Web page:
We could stop with NetWeaver, but if customers really want to adapt more quickly to new business models and be more innovative with their use of business software in the future, then they also need to be able build new services faster and with greater flexibility. To achieve this, we will take what is generic enough in our technology, such as components, business objects and processes like billing, and put these into an application platform. So if a company wants to develop a new add-on application, it now has access to functionalities such as CRM (customer relationship management) and SCM (supply chain management) through open interfaces.
What all this means is that we want to create reusable processes at the application level and combine these with NetWeaver. This, in a nutshell, is the idea behind our new Business Process Platform. It’s essentially an evolution of NetWeaver with the added capability to run ready-to-run processes.
The mobile phone is rapidly becoming the uber-device the one device that seems to have it all and becomes even more indispensable than it is now. The mobile phones have already started functioning as more than just communications devices. Already, mobiles serve as watches and alarm clocks. Even with the limited free games that come with basic phones, they are already good for time-pass. They can also function as calculators. In unfamiliar neighbourhoods, they tell us where we are. The address book and contacts list on phones is our social interface. Without the phone, many of us would be quite lost in connecting with other people! The calendar function on the mobile phones can help us track our lives. Phones can also function as radios. For some, the mobile phone also becomes a notepad send an SMS to oneself and make it a reminder service. Owners also have tended to customise phones with their own ringtones, themes and wallpapers.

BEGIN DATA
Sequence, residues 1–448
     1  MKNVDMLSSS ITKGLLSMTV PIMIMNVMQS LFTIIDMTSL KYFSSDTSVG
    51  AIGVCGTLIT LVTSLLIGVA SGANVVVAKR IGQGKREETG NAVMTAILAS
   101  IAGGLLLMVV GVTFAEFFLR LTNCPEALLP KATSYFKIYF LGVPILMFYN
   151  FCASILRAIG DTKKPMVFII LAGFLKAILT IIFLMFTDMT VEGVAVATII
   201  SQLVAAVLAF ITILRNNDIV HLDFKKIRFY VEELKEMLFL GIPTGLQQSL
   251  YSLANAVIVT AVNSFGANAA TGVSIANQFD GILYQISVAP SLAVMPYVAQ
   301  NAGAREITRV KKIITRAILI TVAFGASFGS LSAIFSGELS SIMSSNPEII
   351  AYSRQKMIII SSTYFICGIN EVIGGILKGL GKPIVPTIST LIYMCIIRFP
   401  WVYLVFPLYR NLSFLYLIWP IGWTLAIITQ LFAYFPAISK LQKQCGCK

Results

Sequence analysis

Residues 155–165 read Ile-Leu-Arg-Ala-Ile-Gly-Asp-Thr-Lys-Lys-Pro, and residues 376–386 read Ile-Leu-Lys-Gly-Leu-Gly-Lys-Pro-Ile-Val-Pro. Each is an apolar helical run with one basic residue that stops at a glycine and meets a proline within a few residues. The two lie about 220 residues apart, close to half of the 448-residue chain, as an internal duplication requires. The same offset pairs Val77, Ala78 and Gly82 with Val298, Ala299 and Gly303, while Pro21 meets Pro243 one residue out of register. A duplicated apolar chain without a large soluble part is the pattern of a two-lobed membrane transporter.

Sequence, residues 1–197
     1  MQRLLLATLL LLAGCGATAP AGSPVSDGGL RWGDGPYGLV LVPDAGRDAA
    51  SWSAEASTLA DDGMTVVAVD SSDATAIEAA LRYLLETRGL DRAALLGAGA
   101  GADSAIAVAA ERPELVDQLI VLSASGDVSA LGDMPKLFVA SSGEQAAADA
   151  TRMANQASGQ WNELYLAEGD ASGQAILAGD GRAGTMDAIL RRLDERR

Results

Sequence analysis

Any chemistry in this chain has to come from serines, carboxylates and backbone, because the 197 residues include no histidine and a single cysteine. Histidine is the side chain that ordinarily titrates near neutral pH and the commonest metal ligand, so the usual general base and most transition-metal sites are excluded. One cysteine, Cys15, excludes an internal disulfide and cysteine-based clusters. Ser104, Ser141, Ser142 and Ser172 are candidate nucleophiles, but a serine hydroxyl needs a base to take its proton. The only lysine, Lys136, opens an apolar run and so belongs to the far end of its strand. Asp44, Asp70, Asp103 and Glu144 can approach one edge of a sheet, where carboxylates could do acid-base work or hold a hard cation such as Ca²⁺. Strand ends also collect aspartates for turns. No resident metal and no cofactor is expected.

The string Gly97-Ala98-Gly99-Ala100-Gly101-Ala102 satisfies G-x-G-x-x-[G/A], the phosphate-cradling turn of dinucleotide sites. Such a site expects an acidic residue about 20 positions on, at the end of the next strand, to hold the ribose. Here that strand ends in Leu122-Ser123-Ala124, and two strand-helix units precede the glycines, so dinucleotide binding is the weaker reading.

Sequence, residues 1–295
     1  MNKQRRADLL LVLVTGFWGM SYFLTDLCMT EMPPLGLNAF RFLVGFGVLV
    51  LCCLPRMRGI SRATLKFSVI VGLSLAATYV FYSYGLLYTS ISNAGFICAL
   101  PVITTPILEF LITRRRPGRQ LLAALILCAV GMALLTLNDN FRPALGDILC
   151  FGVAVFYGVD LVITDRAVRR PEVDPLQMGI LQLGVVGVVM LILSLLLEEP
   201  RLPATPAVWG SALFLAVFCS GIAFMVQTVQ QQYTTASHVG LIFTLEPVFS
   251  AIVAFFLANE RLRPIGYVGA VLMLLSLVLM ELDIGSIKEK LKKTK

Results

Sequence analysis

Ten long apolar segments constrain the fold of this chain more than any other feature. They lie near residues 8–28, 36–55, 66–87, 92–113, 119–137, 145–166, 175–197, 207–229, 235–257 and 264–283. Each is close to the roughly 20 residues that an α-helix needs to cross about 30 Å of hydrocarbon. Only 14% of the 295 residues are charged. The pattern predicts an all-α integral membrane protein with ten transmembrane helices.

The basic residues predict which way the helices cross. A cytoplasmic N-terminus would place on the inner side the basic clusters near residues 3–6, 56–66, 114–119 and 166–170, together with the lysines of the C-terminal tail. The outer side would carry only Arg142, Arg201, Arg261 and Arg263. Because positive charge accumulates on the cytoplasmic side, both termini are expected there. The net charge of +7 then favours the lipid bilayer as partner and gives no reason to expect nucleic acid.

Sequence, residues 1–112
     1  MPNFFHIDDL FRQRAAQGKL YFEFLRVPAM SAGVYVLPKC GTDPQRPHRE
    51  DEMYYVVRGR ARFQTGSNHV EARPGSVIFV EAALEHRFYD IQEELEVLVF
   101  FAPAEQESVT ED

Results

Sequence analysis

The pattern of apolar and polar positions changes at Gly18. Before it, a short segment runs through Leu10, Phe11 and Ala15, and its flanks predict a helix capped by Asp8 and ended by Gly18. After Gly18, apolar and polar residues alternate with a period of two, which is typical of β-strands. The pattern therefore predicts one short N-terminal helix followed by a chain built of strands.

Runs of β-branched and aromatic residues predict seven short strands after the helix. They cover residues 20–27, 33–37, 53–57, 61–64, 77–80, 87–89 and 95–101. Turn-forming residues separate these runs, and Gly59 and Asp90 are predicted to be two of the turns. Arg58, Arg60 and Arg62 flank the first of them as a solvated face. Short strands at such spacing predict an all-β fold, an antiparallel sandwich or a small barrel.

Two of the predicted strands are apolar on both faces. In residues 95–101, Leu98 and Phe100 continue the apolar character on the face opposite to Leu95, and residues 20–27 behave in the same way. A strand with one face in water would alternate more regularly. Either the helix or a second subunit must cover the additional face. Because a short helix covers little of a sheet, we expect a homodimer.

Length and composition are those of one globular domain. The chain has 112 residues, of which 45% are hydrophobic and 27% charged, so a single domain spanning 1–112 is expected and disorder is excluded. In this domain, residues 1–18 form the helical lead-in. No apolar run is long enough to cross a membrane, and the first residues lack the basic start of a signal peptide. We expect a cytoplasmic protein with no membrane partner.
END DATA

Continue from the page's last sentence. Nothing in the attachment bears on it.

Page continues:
This is just for starters. Take a look at what some of the more advanced mobile phones are also doing:
So, the phones of tomorrow will be remote controls for our life. They will come with bigger, better keyboards and displays even though there are practical limitations on both in terms of how big a device we will carry. Networks are becoming faster, too. And the device that was once a replacement for the fixed-line phone will occupy an even greater role in our lives. Countries like Japan and South Korea already lead the way in having multi-purpose mobile phones. China is following and India is not far behind.